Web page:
Farewell to Kansas City

The date was December 18, 2006. Two days earlier I had just walked across the stage at Oklahoma State University. But the celebration of my graduation was short-lived. I was busy packing up my apartment in Stillwater, OK and moving to Kansas City, MO to start my new job, where I had interned the previous three summers. It was an exciting time.

Because of the summers that I had spent in KC, I had a handful of friends already and I knew the city pretty well. (Sidenote: It also helped that I got lost a bunch of times my first summer. The map in my car got lots of use. (Another sidenote: Kids, a “map” is like if you printed maps.google.com onto paper,  then folded it up, printed some lame tourist-y info on the back, and stuffed it in a glovebox. “Maps” existed before Google made them more… good.)) I had a church in mind that I knew would be my home. I had found a flat right in the heart of downtown where I would live. And I was excited about beginning my adult life in a new city that wasn’t too far away from my birth home in Oklahoma City.

Kansas City was… is my second home. My adopted home. It’s where I got my first taste of adult life (bills suck). I purchased my first (and second) car during my life here, and I bought my first home after living here for two years. But I also got my fair share of what it’s like to be geographically separated from family when loved ones get sick and ultimately die. The old adage “absence makes the heart grow fonder” became real to me while I lived here. The importance of family became real to me once there was a physical distance keeping me from them.

For the first time, I lived in a city with professional sports teams (the Thunder didn’t arrive in OKC until I was already gone). I watched as KC showed undying support for its awful, awful football team that crushes the hopes and dreams of the city’s citizens every single year. I was there to jump on the bandwagon when KC’s perennially terrible baseball team made an improbable run to the World Series in 2014. Maybe I wasn’t the Royals’ number 1 fan, but I was without a doubt on the list of the first eight million or so. I was in there… Also, I was, and still am, poised to leap off said bandwagon if they decide to go back to losing. Am I fickle? Yep. Am I the worst kind of fan? Yep. And I’m fine with it.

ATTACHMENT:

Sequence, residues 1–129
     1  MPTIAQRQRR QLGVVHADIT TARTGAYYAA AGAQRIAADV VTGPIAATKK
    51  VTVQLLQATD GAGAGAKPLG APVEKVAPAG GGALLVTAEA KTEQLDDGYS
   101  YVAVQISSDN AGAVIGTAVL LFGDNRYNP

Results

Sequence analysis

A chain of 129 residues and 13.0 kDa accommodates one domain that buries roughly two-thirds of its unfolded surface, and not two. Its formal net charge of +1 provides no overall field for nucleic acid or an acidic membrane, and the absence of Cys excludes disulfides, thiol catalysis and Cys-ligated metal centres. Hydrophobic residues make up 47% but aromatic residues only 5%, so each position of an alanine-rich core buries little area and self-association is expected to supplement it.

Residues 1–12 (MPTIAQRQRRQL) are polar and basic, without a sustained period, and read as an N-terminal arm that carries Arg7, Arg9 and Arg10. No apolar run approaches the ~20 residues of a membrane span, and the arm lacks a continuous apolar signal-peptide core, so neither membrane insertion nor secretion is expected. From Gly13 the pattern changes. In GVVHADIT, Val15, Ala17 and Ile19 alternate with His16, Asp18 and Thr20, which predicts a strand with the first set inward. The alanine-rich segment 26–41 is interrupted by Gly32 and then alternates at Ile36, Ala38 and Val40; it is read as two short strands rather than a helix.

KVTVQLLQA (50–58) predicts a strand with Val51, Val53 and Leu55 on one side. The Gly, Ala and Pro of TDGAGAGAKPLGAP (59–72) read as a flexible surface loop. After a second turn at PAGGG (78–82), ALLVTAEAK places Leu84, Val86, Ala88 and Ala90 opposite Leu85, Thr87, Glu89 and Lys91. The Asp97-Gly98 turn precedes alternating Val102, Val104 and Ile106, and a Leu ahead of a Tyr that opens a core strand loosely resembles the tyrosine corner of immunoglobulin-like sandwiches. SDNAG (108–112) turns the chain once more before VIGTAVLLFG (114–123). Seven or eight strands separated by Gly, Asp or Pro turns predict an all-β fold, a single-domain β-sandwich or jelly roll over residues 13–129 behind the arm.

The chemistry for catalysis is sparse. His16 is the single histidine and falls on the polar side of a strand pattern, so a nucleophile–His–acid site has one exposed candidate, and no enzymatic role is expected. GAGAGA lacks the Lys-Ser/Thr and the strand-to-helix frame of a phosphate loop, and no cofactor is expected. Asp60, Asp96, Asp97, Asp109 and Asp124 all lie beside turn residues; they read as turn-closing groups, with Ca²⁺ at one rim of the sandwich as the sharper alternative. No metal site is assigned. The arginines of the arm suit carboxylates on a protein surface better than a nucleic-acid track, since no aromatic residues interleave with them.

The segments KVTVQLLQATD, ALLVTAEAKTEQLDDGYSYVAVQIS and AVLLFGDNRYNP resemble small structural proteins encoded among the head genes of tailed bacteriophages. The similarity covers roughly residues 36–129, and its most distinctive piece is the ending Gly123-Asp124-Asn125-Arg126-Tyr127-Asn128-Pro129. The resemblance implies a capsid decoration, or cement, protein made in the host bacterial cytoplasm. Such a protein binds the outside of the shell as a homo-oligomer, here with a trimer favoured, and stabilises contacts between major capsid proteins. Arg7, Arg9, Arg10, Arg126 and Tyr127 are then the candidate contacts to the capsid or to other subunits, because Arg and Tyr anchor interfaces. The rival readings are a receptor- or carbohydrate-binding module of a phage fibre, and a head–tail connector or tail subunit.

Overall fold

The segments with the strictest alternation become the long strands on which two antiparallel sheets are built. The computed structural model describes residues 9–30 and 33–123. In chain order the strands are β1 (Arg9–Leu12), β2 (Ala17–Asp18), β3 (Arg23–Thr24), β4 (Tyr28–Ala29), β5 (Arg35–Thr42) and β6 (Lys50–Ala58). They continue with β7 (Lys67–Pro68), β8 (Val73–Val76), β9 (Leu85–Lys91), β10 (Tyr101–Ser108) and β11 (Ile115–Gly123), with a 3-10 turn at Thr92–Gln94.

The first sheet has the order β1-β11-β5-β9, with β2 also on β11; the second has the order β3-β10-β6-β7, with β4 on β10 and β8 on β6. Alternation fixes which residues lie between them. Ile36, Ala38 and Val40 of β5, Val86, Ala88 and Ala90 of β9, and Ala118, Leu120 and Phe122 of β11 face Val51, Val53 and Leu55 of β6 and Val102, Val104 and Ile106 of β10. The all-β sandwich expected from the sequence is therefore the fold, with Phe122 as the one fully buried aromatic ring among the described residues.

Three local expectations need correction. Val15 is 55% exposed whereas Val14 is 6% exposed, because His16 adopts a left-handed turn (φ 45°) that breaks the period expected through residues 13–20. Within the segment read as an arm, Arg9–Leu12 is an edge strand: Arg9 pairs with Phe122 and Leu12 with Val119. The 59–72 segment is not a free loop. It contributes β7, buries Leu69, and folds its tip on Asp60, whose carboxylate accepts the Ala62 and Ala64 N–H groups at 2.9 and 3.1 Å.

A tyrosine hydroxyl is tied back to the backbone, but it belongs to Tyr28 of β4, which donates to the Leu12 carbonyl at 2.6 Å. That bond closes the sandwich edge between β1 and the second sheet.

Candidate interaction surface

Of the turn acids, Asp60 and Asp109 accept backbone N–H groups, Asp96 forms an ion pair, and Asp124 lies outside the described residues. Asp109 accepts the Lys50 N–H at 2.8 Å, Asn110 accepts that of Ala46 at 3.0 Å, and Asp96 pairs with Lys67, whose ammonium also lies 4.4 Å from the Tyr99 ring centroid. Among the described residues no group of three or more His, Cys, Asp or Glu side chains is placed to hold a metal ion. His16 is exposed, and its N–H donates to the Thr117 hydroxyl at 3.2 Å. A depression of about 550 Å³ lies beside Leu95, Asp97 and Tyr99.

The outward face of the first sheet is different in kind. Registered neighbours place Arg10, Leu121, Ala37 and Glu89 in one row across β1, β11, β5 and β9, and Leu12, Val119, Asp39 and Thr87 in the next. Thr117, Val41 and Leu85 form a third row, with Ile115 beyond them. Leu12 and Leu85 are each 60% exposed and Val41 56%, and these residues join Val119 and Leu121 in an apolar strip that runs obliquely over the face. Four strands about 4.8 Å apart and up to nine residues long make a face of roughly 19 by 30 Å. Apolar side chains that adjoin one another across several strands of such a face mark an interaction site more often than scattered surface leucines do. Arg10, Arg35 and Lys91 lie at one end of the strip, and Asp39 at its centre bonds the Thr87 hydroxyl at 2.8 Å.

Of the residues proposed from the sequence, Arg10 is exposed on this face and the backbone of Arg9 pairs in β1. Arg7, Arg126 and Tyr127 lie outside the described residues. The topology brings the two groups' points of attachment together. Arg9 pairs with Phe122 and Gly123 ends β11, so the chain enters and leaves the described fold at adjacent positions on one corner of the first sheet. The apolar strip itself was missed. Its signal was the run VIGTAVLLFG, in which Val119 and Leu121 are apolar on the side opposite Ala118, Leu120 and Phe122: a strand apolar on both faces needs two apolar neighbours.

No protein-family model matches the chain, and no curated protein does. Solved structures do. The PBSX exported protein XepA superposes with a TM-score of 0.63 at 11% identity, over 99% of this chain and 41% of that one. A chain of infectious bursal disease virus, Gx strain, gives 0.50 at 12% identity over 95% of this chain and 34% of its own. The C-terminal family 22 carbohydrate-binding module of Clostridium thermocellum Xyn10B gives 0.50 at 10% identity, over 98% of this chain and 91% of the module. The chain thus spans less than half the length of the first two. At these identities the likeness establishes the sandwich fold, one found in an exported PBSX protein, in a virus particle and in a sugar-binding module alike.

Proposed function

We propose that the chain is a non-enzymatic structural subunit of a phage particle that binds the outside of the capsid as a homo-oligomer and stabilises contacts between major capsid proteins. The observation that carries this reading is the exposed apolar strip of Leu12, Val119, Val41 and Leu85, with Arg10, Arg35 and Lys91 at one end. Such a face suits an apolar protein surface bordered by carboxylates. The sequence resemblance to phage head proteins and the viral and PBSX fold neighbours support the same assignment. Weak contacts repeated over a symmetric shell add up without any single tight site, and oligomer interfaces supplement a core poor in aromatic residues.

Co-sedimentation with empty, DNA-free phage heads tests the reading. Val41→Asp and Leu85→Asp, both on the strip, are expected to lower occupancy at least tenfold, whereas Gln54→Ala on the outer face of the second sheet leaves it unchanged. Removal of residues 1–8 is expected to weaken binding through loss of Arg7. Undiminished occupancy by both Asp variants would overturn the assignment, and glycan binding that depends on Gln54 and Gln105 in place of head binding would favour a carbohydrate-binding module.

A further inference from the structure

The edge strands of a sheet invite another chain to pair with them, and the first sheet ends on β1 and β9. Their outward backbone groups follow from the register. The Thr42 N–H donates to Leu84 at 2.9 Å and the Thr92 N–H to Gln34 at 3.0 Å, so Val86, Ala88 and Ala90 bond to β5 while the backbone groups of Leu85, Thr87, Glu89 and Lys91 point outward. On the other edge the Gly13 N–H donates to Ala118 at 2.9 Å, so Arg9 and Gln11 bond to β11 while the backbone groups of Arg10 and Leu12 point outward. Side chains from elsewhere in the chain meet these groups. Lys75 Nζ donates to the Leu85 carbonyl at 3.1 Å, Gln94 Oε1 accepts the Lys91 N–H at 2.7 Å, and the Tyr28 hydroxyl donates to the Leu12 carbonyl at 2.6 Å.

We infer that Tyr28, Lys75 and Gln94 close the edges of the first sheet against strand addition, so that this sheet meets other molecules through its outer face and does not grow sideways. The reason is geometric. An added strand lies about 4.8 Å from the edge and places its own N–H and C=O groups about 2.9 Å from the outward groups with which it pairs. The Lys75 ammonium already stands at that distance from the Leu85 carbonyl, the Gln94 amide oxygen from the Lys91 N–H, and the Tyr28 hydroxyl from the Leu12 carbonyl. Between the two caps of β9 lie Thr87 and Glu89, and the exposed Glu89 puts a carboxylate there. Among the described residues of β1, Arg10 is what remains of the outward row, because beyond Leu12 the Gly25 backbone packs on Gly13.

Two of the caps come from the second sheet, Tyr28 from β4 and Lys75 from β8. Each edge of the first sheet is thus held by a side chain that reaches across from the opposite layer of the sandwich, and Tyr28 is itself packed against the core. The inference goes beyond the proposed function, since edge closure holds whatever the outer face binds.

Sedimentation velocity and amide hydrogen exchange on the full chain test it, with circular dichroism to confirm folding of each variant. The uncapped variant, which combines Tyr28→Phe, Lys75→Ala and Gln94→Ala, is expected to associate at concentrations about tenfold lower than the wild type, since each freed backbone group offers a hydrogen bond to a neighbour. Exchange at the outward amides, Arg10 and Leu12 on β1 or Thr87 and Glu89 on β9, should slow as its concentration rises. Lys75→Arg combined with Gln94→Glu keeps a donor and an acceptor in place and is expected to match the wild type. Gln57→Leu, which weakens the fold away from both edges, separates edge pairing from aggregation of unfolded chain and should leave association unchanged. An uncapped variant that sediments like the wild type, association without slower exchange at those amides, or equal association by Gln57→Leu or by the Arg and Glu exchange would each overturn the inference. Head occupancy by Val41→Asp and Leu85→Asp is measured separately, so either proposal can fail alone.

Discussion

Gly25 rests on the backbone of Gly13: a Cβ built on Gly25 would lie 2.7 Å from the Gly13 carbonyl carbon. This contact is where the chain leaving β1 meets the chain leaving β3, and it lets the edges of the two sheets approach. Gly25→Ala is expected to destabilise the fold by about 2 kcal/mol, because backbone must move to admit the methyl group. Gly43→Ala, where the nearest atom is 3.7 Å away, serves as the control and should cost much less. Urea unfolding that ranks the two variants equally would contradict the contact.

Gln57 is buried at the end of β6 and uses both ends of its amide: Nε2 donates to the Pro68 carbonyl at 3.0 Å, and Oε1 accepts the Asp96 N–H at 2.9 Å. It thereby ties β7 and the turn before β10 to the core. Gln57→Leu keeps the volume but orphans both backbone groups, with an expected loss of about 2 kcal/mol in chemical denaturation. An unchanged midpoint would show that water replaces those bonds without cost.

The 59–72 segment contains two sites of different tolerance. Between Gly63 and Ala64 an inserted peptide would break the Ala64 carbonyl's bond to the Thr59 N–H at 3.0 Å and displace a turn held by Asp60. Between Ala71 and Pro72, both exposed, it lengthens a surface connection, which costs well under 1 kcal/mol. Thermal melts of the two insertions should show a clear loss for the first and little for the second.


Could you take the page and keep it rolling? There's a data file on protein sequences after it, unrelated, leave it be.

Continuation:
The truth is that I love KC. I don’t know that I realized it before, but I realize it now. I’ve developed tons of friendships at work and at church that will be life-long relationships. It’s those relationships that make my decision to leave one of the hardest decisions I’ve ever made. But it’s a necessary one for my career and also personally.

atlanta_skyline

I felt like it was time to make a change with my job, so I did. So at the end of April, I’ll be starting a new job at a new company, which will cause me to move to the great city of Atlanta, GA. That’s right, man, your boy is moving to the A! As much as I love KC, I’d be lying if I said I wasn’t excited. I look forward to sharing some new stories with you from my new city. Stay tuned.

-Erik (@WalkSays)

 

About Author

Erik Walker

Erik is black.

6 Comments

    • Chris
      April 8, 2015

      Oops, sorry, I’m typing on a phone. That last message was meant to say, We know you’re moving there for your manifestation of the destiny that you are living out in this lifetime.

      Reply
    • Brian Foster (mobrian93)
      April 8, 2015

      I’ll try to look you up when I’m down that way in October. Holla at Curtis Brown while you’re there…

      Reply
    • Ruthie
      April 8, 2015

      It’s God’s plan for your life, so go out and get started. God is waiting on you to touch someone else’s life. Big blessings, awaits you, Mr. Walker…….

      Reply
    • neverleftempty
      April 8, 2015

      It’s so exciting to move to new places! I’m sure you’ll find a piece of Atlanta to call home.

      Reply
    • mellissa
      April 8, 2015

      Great article! Good luck in your new adventure.

      Reply
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